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Publication numberUS7362248 B2
Publication typeGrant
Application numberUS 11/474,669
Publication dateApr 22, 2008
Filing dateJun 26, 2006
Priority dateNov 22, 2005
Fee statusPaid
Also published asEP1788581A2, EP1788581A3, EP1788581B1, US7724172, US20070146056, US20080191917
Publication number11474669, 474669, US 7362248 B2, US 7362248B2, US-B2-7362248, US7362248 B2, US7362248B2
InventorsDavid C. McClure, Sooping Saw
Original AssigneeStmicroelectronics, Inc.
Export CitationBiBTeX, EndNote, RefMan
External Links: USPTO, USPTO Assignment, Espacenet
Temperature tamper detection circuit and method
US 7362248 B2
Abstract
A sensing circuit determines whether an integrated circuit is currently exposed to one of a relatively low or a relatively high temperature. A selection circuit selects a measured voltage across the base-emitter of a bipolar transistor if the sensing circuit indicates that the circuit is exposed to the relatively low temperature or, alternatively, selects a measured delta voltage across the base-emitter of the bipolar transistor if the sensing circuit indicates that the circuit is exposed to the relatively high temperature. A comparator compares the selected measured voltage against a first reference voltage indicative of a too cold temperature condition or compares the selected measured delta voltage against a second reference voltage indicative of a too hot temperature condition. As a result of the comparison, detection may be made as to whether the integrated circuit is currently exposed to a too cold or too hot temperature.
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Claims(23)
1. An integrated circuit temperature sensor, comprising:
a first comparator operable to compare a voltage across the base-emitter of a bipolar transistor of the integrated circuit against a delta voltage across the base-emitter of a bipolar transistor of the integrated circuit to generate a first control signal;
a first multiplexer having first and second inputs coupled to receive the voltage across the base-emitter of the bipolar transistor of the integrated circuit and the delta voltage across the base-emitter of the bipolar transistor of the integrated circuit, the first multiplexer selecting one of the voltages at the first and second inputs for output responsive to the first control signal; and
a second comparator operable to compare the voltage output from the first multiplexer against a reference voltage and generate an output signal responsive thereto.
2. The sensor of claim 1 wherein the reference voltage comprises a selected one of a first reference voltage and a second reference voltage, and wherein the reference voltage is the first reference voltage if the first control signal is in a first state and wherein the reference voltage is the second reference voltage if the first control signals is in a second state.
3. The sensor of claim 2 further including a second multiplexer having first and second inputs coupled to receive a first reference voltage signal and a second reference voltage signal, the first multiplexer selecting one of the signals at the first and second inputs for output as a reference voltage signal in response to the first control signal.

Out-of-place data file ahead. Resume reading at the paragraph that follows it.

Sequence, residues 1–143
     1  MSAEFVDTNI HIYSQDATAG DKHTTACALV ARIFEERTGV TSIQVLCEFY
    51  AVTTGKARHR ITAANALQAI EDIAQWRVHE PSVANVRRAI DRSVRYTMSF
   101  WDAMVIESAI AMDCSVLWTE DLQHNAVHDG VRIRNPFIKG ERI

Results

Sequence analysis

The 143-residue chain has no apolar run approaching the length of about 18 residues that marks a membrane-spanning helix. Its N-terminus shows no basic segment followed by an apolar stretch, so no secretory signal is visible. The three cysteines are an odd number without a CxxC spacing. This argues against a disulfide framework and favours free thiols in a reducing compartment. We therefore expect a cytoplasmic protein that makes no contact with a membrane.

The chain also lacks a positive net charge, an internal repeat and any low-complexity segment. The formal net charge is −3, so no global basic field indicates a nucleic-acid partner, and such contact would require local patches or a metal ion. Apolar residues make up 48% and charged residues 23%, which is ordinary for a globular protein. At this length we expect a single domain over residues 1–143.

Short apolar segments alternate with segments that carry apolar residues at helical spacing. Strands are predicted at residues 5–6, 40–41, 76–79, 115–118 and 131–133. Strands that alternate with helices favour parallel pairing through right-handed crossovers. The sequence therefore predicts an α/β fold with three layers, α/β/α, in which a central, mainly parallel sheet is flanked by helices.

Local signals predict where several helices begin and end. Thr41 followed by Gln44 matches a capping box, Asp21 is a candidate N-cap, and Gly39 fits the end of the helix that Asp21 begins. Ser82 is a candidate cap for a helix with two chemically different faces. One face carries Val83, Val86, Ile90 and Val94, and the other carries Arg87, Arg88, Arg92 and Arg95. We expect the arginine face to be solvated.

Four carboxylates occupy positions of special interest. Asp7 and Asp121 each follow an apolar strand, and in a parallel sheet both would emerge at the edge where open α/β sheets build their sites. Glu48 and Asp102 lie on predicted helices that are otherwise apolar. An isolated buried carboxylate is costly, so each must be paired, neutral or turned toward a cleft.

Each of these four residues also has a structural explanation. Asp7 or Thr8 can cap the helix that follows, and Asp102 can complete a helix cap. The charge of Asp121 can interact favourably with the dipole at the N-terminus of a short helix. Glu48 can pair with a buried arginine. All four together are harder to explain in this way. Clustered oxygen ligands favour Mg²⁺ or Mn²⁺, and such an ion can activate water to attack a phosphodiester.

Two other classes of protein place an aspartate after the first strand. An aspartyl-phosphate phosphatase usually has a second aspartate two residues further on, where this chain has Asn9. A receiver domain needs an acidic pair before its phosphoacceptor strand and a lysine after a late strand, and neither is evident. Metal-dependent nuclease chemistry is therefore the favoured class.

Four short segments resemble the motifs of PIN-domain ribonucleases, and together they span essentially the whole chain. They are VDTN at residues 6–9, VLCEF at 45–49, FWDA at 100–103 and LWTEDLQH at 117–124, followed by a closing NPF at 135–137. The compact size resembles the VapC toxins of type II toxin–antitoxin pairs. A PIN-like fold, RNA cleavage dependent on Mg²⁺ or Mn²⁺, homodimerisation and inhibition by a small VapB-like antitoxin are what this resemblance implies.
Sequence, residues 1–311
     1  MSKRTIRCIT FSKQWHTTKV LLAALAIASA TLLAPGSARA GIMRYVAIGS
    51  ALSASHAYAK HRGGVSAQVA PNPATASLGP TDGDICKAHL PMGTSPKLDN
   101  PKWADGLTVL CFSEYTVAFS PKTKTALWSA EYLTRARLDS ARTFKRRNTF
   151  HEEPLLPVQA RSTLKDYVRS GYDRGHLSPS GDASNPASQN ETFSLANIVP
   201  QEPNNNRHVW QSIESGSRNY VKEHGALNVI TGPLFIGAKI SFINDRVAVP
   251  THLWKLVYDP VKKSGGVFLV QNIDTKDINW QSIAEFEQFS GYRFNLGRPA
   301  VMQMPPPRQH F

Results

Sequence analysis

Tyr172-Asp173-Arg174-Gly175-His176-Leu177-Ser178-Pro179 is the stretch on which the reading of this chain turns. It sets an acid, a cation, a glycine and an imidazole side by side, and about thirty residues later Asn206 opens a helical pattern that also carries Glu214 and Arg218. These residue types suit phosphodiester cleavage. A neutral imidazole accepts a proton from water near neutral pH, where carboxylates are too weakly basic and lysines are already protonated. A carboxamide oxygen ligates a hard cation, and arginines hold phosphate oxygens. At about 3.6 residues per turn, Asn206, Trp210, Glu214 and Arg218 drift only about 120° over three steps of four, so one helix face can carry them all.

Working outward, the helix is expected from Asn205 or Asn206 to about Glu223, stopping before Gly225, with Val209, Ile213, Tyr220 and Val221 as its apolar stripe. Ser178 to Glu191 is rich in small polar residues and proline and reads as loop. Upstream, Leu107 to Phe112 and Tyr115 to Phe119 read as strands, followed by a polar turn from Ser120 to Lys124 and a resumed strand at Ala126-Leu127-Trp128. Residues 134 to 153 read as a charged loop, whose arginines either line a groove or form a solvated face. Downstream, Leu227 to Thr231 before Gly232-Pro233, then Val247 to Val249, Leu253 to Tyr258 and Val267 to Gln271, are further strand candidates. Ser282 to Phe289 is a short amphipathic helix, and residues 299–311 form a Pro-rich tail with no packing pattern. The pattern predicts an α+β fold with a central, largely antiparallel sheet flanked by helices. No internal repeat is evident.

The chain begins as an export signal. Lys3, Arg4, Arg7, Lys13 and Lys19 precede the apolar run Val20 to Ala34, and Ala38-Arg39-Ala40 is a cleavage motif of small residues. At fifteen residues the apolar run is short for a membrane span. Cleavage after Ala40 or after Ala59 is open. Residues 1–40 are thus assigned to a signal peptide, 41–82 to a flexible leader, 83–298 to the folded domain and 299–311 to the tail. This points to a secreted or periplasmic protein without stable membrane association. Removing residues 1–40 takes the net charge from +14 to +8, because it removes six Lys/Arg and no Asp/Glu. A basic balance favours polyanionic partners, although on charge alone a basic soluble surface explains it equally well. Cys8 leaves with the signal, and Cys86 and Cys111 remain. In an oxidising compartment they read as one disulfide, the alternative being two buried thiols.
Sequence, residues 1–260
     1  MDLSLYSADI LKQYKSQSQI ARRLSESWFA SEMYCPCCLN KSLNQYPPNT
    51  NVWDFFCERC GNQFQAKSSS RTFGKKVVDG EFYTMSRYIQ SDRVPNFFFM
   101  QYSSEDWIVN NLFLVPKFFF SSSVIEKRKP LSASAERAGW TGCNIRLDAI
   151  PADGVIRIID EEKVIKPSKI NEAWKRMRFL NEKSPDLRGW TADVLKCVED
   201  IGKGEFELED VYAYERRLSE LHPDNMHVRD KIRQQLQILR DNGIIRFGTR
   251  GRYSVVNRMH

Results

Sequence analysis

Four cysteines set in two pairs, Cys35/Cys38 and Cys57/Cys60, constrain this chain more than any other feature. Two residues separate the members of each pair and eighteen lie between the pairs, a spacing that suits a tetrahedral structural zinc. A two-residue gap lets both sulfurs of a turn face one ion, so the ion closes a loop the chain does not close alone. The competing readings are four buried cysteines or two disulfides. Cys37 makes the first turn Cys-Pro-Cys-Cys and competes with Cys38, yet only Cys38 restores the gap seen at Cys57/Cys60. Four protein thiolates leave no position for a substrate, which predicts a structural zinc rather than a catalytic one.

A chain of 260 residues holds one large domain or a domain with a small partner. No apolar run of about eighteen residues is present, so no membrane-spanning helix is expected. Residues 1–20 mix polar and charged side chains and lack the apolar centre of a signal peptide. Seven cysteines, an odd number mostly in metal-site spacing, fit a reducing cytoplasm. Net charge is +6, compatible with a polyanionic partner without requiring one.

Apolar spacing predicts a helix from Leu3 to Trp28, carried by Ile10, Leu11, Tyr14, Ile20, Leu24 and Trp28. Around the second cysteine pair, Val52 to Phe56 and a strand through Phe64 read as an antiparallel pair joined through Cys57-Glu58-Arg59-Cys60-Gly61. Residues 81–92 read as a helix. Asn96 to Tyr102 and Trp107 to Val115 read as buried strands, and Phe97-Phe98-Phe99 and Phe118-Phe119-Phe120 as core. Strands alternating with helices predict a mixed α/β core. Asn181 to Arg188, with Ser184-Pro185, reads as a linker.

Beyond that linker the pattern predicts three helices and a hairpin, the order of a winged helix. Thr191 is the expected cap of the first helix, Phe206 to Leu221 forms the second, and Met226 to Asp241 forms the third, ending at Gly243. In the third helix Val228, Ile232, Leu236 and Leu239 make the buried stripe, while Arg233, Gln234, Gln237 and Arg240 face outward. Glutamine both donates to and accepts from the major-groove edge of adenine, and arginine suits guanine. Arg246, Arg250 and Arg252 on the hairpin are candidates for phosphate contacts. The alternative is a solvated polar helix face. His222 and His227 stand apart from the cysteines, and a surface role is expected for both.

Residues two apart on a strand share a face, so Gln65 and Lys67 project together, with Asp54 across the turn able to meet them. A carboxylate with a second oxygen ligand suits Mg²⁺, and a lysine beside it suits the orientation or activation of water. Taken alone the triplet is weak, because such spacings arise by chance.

4. The sensor of claim 3 wherein the reference voltage signal is a digital signal, the sensor further comprises a digital-to-analog converter operable to convert the digital reference voltage signal to an analog signal comprising the reference voltage.
5. The sensor of claim 4 further comprising programmable circuitry defining the digital signal for the first reference voltage signal and the digital signal for the second reference voltage signal.
6. The sensor of claim 4 wherein the programmable circuitry comprises fuse circuitry.
7. The sensor of claim 4 further comprising:
a counter operable to count a digital signal; and
a circuit to selectively apply the digital signal to the digital-to-analog converter so as to provide a corresponding analog signal to the second comparator.
8. The sensor of claim 7 wherein the circuit to selectively apply comprises the second multiplexer operable responsive to a control signal to select the digital signal instead of either the first reference voltage signal or the second reference voltage signal.
9. The sensor of claim 4 wherein the digital-to-analog converter comprises:
a resistor string comprising a first set of series connected resistors and a second set of series connected resistors, wherein the first and second sets are series connected together;
a plurality of taps taken from the resistors in the first set of series connected resistors;
a first circuit for selecting one of those taps based on the digital signal to generate the analog signal;
a plurality of selectively actuated shunts around the resistors in the first set of series connected resistors; and
a second circuit for selecting one or more of the shunts based on the digital signal to effectuate a shift in voltage range for the analog signal.
10. An integrated circuit temperature sensing method, comprising:
first comparing a voltage across the base-emitter of a bipolar transistor of the integrated circuit against a delta voltage across the base-emitter of a bipolar transistor of the integrated circuit to determine whether the integrated circuit is currently exposed to a relatively low or relatively high temperature;
first selecting the voltage across the base-emitter of the bipolar transistor of the integrated circuit if the first comparison indicates the temperature is relatively high or selecting the delta voltage across the base-emitter of the bipolar transistor of the integrated circuit if the comparison indicates the temperature is relatively low; and
second comparing the selected voltage against a reference voltage to generate an output signal indicative of whether the integrated circuit is currently exposed to a temperature that is lower than a low threshold or a temperature that higher than a high threshold.